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  • Writer's pictureDr. Jenny Schaafsma, PhD

Performance: What You Say To Yourself

We all engage in self-talk. It's the internal (and at times outward) conversation we have with ourselves.

Self-talk can be positive, motivating and empowering. It can also be negative, critical and debilitating. Within the context of performance (whether that's sport performance, job performance, sexual performance, public speaking, etc.) our internal dialogue can either promote us or hinder us.

There are several self-talk errors

that generally have a negative impact

on performance and confidence level:

- Focusing on weaknesses as opposed to strengths (e.g., "I'm not good at ______.")

- Focusing on outcome rather than process (e.g., "I have to win.")

- Striving for perfection (e.g., "I better not mess up.")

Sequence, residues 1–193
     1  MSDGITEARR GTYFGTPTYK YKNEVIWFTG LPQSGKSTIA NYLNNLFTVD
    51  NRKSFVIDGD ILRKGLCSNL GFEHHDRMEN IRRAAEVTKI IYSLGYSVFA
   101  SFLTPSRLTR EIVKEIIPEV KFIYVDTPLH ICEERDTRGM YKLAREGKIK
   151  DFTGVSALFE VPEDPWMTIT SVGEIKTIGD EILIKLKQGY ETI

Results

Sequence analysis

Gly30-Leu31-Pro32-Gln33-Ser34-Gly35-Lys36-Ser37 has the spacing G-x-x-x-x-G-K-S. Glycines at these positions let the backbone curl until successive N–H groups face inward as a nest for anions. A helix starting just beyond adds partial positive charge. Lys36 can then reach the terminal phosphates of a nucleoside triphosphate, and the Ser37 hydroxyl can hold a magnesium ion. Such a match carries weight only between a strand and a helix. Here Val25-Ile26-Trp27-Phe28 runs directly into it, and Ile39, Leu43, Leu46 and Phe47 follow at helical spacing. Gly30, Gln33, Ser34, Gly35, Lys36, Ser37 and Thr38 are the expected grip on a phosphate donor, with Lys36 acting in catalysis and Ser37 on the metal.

- Trying to control the uncontrollable (e.g., "The rain is going to mess with my performance.")

- Fixating on the past or future, rather than being in the present (e.g., "I can't believe I did that.")

So what can we do about it?

How can we change our negative self talk?

-Develop awareness of your internal dialogue. What are you saying to yourself before a competition? Before a work event? Prior to engaging in sexual intimacy? Is it positive or negative?

-Introduce positive self-talk! Tell your mind to knock off the negative self-talk and identify some positive and encouraging statements. (e.g., "I've got this." "Go _______ (insert your name)" "I'm doing the best I can." "Block the shots." "I've prepared for this.")

-Repeat. Repeat. Repeat. Acknowledge and observe the negative self-talk, stop/pause the negative talk and replace with positive affirming statements.

It can also be helpful to identify in advance

a positive "self-talk script"

that you plan to say to yourself prior to a performance.

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